The vineyards and wines
Tenuta San Guido’s vineyard covers approximately 70 hectares, all within the Sassicaia DOC, and is planted with a number of different grape varieties, including Cabernet Sauvignon, Cabernet Franc and Merlot. The average age of the vines is 25-30 years, and the vineyards are divided according to the type of soil and composition of each plot. The best plots, those that produce grapes used to make Sassicaia, are located at an average altitude of 200 to 300 meters, such that they are the beneficiaries of both altitude and sea breezes, resulting in more elegant wines. In fact, the oldest vineyards at the Tenuta San Guido are those of Castiglioncello, located at 400 meters above sea level, by far the highest vineyards planted anywhere within the Bolgheri wine region. The San Martino and Mandrioli vineyards are close to the hills in the center of the estate, while the rest of the vineyards are at a much lower altitude of about 80 meters above sea level. Clearly, the location and altitude of the vineyards in different regions is an important factor in providing potential complexity to the grapes and the wines, as well as providing greater options for harvesting on the basis of weather conditions and grape ripeness. Generally speaking, the wines at Tenuta San Guido are made in temperature-controlled stainless-steel vats with a capacity of 3,500 to 11,000 liters and aged in barrels the percentage of new wood of which is small. The maceration period is approximately two weeks, but differs ever so slightly between varieties. For example, the Cabernet Sauvignon vineyards used to make Le Difese are situated between 100-300 meters above sea level, on different types of soil but all characterized by a good limestone content, while the Sangiovese is sourced in inland Tuscany. The Cabernet Sauvignon macerates for 12-14 days while the Sangiovese stays on the skins just a little longer. The wine is stainless steel-fermented and aged for six to eight months in barriques previously used for Sassicaia and Guidalberto. The wine’s name, Le Difese, is a reference to the teeth of the wild boar, the animal that is depicted on the Le Difese label. Differently from Le Difese which is a Cabernet Sauvignon and Sangiovese blend, Guidalberto is a mix of Cabernet Sauvignon and Merlot; first made in 2000, it was initially meant to provide wine lovers with an alternative to Sassicaia that was readier to drink sooner, but it has grown in standing and is now as sought after as its more famous, bigger brother. In China for example, Tenuta San Guido could sell as much as three times the number of Guidalberto bottles it currently has available for that market, so it’s fair to say the wine has been a resounding success. The vineyards are located at the same altitude as those of Le Difese, and the time of maceration is vintage-dependent, though in general the merlot is kept on the skins 12-14 days and the Cabernet Sauvignon 13-16 days. The wine is aged about twelve to sixteen months in French oak barriques (as well as in a small percentage, about 5-7%, of American oak). The wine takes its name from an important family ancestor, Guidalberto della Gherardesca. Last but certainly not least, Sassicaia was first made in the 1968 vintage. Aging is carried out in about 33% new French oak barrels with a capacity of 225 liters for roughly two years.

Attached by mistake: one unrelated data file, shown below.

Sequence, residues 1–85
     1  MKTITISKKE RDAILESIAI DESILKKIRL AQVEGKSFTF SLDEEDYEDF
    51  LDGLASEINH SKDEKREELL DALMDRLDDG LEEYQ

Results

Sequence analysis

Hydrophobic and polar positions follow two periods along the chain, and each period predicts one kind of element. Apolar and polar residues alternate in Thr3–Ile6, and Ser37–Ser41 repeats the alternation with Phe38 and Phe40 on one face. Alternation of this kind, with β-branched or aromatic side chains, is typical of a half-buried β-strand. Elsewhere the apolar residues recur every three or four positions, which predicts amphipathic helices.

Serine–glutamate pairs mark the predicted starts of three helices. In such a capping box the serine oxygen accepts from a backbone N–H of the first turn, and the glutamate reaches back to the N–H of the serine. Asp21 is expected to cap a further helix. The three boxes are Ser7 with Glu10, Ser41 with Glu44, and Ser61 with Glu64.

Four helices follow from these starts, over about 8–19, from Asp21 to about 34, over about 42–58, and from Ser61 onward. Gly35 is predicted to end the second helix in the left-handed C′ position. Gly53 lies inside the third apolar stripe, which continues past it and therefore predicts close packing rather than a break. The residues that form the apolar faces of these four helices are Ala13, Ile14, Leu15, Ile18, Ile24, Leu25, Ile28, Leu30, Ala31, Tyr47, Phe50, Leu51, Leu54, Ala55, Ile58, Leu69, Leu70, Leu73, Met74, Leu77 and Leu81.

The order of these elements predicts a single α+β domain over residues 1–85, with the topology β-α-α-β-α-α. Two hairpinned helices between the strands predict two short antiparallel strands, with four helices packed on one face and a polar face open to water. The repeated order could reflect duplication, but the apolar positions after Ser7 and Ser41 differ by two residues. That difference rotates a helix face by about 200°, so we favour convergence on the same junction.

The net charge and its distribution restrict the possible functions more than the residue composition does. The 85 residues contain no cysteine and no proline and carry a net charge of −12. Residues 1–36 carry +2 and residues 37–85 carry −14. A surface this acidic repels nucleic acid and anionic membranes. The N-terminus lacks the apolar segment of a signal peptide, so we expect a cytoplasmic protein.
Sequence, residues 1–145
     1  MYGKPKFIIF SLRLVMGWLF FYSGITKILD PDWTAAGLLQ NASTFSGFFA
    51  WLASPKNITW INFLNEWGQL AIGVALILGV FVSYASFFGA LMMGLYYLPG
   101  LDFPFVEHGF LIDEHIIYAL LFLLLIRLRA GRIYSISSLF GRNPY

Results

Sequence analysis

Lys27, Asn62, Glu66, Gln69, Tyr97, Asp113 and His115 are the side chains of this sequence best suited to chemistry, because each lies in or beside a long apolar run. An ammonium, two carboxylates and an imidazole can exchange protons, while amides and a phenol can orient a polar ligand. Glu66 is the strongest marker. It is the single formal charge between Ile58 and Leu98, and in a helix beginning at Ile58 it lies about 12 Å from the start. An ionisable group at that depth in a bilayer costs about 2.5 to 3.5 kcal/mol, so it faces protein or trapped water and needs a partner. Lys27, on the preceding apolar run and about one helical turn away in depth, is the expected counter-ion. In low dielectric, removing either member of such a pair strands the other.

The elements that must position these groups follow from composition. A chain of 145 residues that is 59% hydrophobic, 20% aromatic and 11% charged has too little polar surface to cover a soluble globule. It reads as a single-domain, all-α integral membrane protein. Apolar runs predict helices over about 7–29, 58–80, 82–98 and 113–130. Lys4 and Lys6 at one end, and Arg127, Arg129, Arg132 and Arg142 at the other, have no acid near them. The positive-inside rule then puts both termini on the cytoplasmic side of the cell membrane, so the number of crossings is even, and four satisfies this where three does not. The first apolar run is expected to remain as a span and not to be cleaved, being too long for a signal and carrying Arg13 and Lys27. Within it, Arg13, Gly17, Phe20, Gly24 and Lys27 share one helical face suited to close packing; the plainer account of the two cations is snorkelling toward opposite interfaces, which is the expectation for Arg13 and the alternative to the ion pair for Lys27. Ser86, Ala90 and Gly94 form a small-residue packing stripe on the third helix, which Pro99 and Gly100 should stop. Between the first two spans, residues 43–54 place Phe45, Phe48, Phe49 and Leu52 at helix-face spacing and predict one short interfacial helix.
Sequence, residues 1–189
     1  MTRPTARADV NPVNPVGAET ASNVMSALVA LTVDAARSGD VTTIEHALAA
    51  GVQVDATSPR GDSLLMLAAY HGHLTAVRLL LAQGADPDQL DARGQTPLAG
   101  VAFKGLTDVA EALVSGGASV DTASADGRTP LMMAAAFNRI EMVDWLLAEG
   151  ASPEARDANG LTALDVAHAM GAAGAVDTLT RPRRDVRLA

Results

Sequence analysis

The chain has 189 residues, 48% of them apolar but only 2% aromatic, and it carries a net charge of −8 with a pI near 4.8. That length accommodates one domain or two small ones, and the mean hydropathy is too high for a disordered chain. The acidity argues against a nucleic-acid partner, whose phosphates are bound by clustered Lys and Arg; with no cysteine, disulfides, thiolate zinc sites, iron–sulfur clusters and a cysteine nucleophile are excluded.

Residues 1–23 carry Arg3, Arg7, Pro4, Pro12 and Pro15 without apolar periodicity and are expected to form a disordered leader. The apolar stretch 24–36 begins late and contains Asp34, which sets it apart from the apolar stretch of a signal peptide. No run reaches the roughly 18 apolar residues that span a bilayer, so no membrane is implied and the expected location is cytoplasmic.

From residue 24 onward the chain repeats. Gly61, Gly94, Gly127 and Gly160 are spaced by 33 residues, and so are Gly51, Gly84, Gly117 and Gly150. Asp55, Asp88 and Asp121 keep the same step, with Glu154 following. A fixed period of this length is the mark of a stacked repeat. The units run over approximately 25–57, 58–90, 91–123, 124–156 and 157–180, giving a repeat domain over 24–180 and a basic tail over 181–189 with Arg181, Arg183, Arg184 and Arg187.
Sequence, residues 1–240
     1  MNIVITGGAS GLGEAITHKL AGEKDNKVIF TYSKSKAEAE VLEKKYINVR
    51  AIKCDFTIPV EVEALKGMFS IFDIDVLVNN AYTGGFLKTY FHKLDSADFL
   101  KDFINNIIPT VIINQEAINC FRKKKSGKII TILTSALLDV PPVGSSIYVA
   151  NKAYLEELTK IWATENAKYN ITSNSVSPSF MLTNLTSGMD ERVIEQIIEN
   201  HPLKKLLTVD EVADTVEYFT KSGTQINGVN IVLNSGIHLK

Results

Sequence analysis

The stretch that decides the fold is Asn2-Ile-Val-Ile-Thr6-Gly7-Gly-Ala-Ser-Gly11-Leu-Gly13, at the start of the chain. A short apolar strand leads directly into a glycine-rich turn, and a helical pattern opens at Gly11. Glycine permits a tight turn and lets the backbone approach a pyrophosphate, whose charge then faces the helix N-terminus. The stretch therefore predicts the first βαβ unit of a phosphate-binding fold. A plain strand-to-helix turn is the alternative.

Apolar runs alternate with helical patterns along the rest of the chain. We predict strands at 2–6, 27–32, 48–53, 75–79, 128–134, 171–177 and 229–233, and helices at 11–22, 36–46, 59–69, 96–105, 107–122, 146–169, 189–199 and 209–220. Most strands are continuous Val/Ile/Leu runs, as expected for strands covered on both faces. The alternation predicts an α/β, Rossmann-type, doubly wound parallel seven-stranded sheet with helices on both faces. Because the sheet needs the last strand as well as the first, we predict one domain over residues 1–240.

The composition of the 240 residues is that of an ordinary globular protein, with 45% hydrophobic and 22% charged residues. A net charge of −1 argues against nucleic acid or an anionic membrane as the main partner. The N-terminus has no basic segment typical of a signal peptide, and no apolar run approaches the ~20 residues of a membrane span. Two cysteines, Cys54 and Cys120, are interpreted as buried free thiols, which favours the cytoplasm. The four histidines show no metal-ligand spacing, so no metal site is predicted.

The wines in this tasting
Tenuta San Guido 2021 Le Difese Toscana Rosso 91